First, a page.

BLTC Press Titles


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The Adventures of Sherlock Holmes

A. Conan Doyle


Through the Looking Glass

Lewis Carroll


The Worm Ouroboros

E. R. Eddison


Theory of Colours

Johann Wolfgang von Goethe


Lectures on the English poets

by William Hazlitt

Excerpt:

Chaucer (who has been very properly considered as the father of English poetry) preceded Spenser by two centuries. He is supposed to have been born in London, in the year 1328, during the reign of Edward III. and to have died in 1400, at the age of seventy-two. He received a learned education at one, or at both of the universities, and travelled early into Italy, where he became thoroughly imbued with the spirit and excellences of the great Italian poets and prose-writers, Dante, Petrarch, and Boccace; and is said to have had a personal interview with one of these, Petrarch. He was connected, by marriage, with the famous John of Gaunt, through whose interest he was introduced into several public employments. Chaucer was an active partisan, a religious reformer, and from the share he took in some disturbances, on one occasion, he was obliged to fly the country. On his return, he was imprisoned, and made his peace with government, as it is said, by a discovery of his associates. Fortitude does not appear, at any time, to have been the distinguishing virtue of poets.—There is, however, an obvious similarity between the practical turn of Chaucer's mind and the restless impatience of his character, and the tone of his writings. Yet it would be too much to attribute the one to the other as cause and effect: for Spenser, whose poetical temperament was as effeminate as Chaucer's was stern and masculine, was equally engaged in public affairs, and had mixed equally in the great world. So much does native disposition predominate over accidental circumstances, moulding them to its previous bent and purposes! For while Chaucer's intercourse with the busy world, and collision with the actual passions and conflicting interests of others, seemed to brace the sinews of his understanding, and gave to his writings the air of a man who describes persons and things that he had known and been intimately concerned in; the same opportunities, operating on a differently constituted frame, only served to alienate Spenser's mind the more from the "close-pent up" scenes of ordinary life, and to make him "rive their concealing continents," to give himself up to the unrestrained indulgence of " flowery tenderness."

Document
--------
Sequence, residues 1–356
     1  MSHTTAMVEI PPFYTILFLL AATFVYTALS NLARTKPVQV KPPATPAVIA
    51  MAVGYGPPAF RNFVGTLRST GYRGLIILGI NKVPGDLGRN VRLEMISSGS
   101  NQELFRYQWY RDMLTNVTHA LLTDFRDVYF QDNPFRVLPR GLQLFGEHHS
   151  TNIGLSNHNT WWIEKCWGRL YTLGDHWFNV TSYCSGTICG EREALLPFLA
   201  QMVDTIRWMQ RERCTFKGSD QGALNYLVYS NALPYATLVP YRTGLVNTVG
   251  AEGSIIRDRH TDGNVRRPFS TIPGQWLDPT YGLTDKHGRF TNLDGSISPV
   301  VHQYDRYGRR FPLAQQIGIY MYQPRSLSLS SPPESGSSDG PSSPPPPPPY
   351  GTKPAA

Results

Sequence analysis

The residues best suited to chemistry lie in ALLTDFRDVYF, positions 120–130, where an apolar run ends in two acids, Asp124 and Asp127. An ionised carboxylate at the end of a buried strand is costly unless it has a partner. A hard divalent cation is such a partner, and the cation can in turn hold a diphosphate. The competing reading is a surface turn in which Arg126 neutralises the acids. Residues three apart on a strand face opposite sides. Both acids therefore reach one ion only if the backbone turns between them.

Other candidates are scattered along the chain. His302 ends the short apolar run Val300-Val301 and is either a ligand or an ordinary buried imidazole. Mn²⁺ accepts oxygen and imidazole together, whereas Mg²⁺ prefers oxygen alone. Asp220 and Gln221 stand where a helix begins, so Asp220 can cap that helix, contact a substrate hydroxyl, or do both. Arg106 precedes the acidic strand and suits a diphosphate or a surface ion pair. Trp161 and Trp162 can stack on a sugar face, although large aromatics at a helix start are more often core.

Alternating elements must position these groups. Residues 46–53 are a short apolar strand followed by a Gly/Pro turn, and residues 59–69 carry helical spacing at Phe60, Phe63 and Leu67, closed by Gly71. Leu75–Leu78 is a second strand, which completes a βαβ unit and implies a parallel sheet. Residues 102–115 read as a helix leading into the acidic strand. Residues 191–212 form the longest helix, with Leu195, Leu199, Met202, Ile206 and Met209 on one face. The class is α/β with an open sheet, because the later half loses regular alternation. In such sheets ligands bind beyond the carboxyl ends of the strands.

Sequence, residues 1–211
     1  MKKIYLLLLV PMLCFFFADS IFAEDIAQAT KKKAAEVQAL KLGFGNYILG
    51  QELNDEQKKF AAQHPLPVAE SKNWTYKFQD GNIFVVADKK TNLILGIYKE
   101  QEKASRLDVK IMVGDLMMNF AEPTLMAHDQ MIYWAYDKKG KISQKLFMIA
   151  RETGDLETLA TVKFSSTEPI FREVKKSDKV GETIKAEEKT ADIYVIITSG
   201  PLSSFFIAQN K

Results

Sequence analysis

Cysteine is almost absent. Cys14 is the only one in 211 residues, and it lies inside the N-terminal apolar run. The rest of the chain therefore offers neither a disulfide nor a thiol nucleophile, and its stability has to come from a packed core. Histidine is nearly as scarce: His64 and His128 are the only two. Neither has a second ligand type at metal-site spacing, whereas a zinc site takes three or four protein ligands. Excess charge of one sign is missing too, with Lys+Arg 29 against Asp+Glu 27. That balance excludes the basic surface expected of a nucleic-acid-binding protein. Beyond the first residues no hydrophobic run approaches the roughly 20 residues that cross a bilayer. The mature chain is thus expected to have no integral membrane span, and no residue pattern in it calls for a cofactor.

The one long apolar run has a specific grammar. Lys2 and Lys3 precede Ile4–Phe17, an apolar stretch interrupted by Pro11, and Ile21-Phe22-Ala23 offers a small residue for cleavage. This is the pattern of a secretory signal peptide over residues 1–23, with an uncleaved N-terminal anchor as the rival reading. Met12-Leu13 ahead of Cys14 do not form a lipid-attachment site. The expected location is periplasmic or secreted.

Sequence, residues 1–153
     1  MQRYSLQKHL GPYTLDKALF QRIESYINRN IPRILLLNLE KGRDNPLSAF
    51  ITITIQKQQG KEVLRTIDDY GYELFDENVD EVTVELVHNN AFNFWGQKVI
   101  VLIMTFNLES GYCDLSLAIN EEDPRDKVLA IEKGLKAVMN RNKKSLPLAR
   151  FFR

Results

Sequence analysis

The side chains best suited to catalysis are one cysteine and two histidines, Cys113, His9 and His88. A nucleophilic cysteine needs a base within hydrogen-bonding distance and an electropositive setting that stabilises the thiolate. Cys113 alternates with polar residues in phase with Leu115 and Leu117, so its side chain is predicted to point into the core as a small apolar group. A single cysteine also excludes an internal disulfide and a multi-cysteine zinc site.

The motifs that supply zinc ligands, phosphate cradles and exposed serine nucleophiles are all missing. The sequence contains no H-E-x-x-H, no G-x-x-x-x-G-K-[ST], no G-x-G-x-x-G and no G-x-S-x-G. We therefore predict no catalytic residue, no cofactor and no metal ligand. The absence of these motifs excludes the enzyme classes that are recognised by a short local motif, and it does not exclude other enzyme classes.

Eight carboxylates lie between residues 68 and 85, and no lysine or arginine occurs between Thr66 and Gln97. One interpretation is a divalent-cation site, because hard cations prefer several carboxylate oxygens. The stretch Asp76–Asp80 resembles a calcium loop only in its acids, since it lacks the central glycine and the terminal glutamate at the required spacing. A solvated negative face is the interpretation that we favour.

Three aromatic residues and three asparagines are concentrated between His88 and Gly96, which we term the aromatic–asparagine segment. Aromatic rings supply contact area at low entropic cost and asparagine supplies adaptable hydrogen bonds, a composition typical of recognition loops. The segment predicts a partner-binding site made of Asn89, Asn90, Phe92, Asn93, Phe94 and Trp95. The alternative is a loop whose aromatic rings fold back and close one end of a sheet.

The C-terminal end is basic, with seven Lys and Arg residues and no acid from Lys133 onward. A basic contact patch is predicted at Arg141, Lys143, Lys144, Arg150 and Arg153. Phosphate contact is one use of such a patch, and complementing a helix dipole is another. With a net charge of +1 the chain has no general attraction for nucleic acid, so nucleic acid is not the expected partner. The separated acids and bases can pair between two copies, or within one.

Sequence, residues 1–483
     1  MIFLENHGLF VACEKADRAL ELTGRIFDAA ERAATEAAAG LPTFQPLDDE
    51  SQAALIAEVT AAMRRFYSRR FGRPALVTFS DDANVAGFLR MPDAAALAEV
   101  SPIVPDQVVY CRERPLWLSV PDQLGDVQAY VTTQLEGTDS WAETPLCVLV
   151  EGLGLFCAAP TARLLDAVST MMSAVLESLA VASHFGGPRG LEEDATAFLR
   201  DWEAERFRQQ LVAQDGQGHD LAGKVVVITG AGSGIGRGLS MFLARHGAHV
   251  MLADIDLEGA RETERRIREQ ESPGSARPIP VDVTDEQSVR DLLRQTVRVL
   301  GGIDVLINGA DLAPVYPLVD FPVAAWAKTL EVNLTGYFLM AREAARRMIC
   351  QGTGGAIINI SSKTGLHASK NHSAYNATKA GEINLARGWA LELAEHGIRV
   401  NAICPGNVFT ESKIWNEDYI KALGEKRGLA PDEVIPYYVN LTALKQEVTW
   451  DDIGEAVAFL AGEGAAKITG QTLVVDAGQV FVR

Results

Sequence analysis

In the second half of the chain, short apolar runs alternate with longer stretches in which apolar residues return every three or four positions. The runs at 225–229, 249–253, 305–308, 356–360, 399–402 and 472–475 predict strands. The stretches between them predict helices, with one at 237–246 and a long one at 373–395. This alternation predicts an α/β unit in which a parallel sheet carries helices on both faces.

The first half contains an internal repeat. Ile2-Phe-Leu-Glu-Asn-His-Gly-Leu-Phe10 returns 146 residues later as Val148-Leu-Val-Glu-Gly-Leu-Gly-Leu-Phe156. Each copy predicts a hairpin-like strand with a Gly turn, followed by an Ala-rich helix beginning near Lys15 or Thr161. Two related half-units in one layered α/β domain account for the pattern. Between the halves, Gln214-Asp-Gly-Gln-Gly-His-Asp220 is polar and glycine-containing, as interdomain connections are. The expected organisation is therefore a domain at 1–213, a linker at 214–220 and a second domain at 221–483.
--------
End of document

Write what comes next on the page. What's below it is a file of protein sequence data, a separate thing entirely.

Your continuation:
It is not possible for any two writers to be more opposite in this respect. Spenser delighted in luxurious enjoyment; Chaucer, in severe activity of mind. As Spenser was the most romantic and visionary, Chaucer was the most practical of all the great poets, the most a man of business and the world. His poetry reads like history. Every thing has a downright reality; at least in the relator's mind. A simile, or a sentiment, is as if it were given in upon evidence. Thus he describes Cressid's first avowal of her love.

"And as the new abashed nightingale,
That stinteth first when she beginneth sing,
When that she heareth any herde's tale,
Or in the hedges any wight stirring,
And after, sicker, doth her voice outring;

Right so Cresseide, when that her dread stent,
Open'd her heart, and told him her intent."

This is so true and natural, and beautifully simple, that the two things seem identified with each other. Again, it is said in the Knight's Tale—

"Thus passeth yere by yere, and day by day,
Till it felle ones in a morwe of May,
That Emelie that fayrer was to sene
Than is the lilie upon his stalke grene;
And fresher than the May with floures newe,
For with the rose-colour strof hire hewe:
I n'ot which was the finer of hem two."

This scrupulousness about the literal preference, as if some question of matter of fact was at issue, is remarkable. I might mention that other, where he compares the meeting between Palamon and Arcite to a hunter waiting for a lion in a gap;—


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